For more on SNPs, see this page.

Advantages of this system are (1) that the name for a subclade on a far downstream branch is much shorter and (2) that the presence of the subclade-defining SNP is immediately apparent.

A disadvantage is that, unless one is familiar with the the SNPs and branches associated with a particular haplogroup, the phylogenetic name and location on the tree are not immediately apparent. Nor are relationships between sub-clades.

Much of this is due to how SNPs are named -- by research group and order discovered. The discoveries were somewhat random with respect to the phylogeny and ages.

Shorthand (SNP) names are increasingly gaining currency as the accepted way to refer to -- especially, the finer -- haplogroups.

Subclades, etc.


A "subclade" is a branch or part of a larger haplogroup. This term is losing favor; many now just say "haplogroup".

"Upstream" means a haplogroup which includes the one compared to it; "upstream" formed earlier in time. "Downstream" means a part of a haplogroup which formed later in time than the one compared.

Other Haplogroup Facts

A common misperception is that adding designators to the end of the phylogenetic haplogroup name changes the first part of the designation. It does not; it simply refines the classification to a more precise one. R1b1a1a2a1a1c1a2a (R-L1/S26) still falls within the larger R1b1 (R-L278) haplogroup.

Similarly, mtDNA H6a1a3 falls within the H macro-haplogroup.

Haplogroup designations can and do change because of advances in the science. Greater understanding leads to correcting old mistakes. For example, the R1b haplogroup recently underwent a major re-organization of its sub-clades, due to new discoveries of mutations. What was once R1b1b1 is now R1b1a2a1a.

The most up-to-date version of the Y-chromosome phylogenetic tree is maintained by ISOGG and revised annually; the 2014 version is here. The most authoritative version is maintained by the Y-Chromosome Consortium (YCC); the most current YCC version is for 2010 and can be found here.

2016 Update: A recent flood tide of SNP discoveries has led to other trees which, in some respects, may be more current. These include:

The most current version of the mtDNA phylogenetic tree  can be found here.

What is a Subclade?

A subclade is a subdivision of a haplogroup. Subclades refine the haplogroup into finer and finer classifications. To this point, only a few subclades (as defined by their SNPs) have been found to be "private" -- that is, only in specific patrilines. This, however, may be changing in the future as SNP testing advances.

Predicting Subclades from STR Markers

Major Y haplogroups can usually be predicted from STR marker values with a high degree of reliability; finer classification may require SNP testing. Sometimes -- though not as reliably -- it may be possible to make an informed guess as to your subclade without SNP testing.

In May 2014, FTDNA refined its haplogroup predictions, especially for R1b, to include finer subclade classifications. Due to some prediction reliability issues, it scaled back again a few months later.

Genealogical Meaning of Haplogroups

Haplogroups describe one's place on the human phylogenetic tree. From what ancient "tribe" do we descend? How many millennia ago did your tribe and mine diverge?

Unfortunately, most haplogroup designations don't say much about our more recent ancestors -- those of less than 1,000 years ago. Nor, for that matter, do most subclade determinations They are more telling about our deep ancestry and ancient origins. A map showing haplogroup locations in ancient times is at Eupedia.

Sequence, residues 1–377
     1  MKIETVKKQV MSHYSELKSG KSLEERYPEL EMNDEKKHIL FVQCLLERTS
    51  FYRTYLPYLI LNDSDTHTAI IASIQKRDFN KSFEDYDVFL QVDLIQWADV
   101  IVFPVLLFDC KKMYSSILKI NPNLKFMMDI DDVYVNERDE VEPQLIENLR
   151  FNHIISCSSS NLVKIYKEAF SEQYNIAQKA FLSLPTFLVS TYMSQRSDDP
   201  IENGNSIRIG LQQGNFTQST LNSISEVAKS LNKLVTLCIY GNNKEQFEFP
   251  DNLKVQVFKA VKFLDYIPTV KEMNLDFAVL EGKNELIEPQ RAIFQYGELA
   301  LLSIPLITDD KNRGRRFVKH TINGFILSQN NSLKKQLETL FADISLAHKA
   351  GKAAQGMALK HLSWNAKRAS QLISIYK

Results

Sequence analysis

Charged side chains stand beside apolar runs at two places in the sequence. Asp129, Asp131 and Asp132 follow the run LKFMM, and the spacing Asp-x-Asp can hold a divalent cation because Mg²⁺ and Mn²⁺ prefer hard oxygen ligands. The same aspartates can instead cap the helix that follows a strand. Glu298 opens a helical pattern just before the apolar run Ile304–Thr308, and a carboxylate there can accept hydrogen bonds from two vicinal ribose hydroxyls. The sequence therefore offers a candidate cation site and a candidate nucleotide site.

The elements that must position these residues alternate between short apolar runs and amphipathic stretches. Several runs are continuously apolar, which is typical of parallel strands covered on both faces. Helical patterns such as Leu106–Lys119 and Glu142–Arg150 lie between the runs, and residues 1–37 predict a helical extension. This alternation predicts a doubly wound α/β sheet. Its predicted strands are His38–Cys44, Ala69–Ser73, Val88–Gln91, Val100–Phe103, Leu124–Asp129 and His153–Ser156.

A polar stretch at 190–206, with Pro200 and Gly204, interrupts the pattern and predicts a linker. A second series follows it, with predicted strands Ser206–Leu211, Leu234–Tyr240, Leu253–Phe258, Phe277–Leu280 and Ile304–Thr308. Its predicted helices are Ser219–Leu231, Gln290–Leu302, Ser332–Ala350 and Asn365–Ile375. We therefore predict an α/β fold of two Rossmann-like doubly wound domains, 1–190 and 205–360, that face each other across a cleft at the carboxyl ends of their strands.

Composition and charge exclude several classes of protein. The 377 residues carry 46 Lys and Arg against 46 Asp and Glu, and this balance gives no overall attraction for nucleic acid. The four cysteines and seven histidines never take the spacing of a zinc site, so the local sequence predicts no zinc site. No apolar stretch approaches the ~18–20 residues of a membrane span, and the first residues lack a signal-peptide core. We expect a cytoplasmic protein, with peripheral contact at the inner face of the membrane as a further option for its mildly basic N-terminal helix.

However, a difference in haplogroups does mean that two men can not have shared a direct paternal ancestor within the genealogical time frame.

With few exceptions, haplogroup and subclade differences are exclusionary information. They rule out a common direct paternal ancestor, within genealogic time. A similarity of haplogroups does not rule in a common ancestor, nor do all but a very few subclades.

Prioritizing matches

This "rule-out" property can be used to distinguish between STR matches and prioritize some over others. It may identify false positive matches.

Some men (typically, R-M269) have very common haplotypes and therefore many matches -- too many to be practical for follow-up. This isn't necessarily because they all share a common recent ancestor; it may be due to a phenomenon known as "convergent evolution"; the haplotypes have independently mutated from different origins into a common form.

Another possible explanation is an absence of divergent evolution. the haplotypes failed to mutate away from a common form. Frankly, we can't pick between the two possibilities.

Say, for example, a man with 90 close matches at 67 markers tests SNPs to find that he falls within the L21 subclade of P312. He can then eliminate from consideration anyone who has tested:

To employ this method usually requires SNP testing to a fairly high level of resolution. (See "Backbone" below.)

Private, family SNPs

Some SNPs have been found which are unique to a particular genetic family. Where these exist, they are superior to STR markers for identifying members of that family. They have not, however, been found for every -- or even  a large number of -- families.

Y-SNP Testing

Taylor Family Genes recommends SNP testing under certain conditions:

How to Test Y-SNPs

SNP testing is presently undergoing a resurgence and dramatic change. For the most current information, visit the ISOGG page on this subject.

A quick review of the several avenues available:

For a fuller and more current review see http://isogg.org/wiki/Y-DNA_SNP_testing_chart.

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Revised: 28 Jun 2016